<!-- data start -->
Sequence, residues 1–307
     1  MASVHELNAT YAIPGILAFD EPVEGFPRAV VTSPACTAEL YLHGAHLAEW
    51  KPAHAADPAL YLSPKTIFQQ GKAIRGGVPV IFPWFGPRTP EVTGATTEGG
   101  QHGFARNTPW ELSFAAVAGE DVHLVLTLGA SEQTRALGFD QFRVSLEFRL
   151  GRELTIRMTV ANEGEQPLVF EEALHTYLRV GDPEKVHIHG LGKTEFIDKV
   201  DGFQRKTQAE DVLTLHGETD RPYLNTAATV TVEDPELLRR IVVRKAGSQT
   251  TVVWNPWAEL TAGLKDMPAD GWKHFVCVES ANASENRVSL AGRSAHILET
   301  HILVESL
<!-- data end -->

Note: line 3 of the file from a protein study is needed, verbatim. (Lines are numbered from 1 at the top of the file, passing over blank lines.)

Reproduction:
    51  KPAHAADPAL YLSPKTIFQQ GKAIRGGVPV IFPWFGPRTP EVTGATTEGG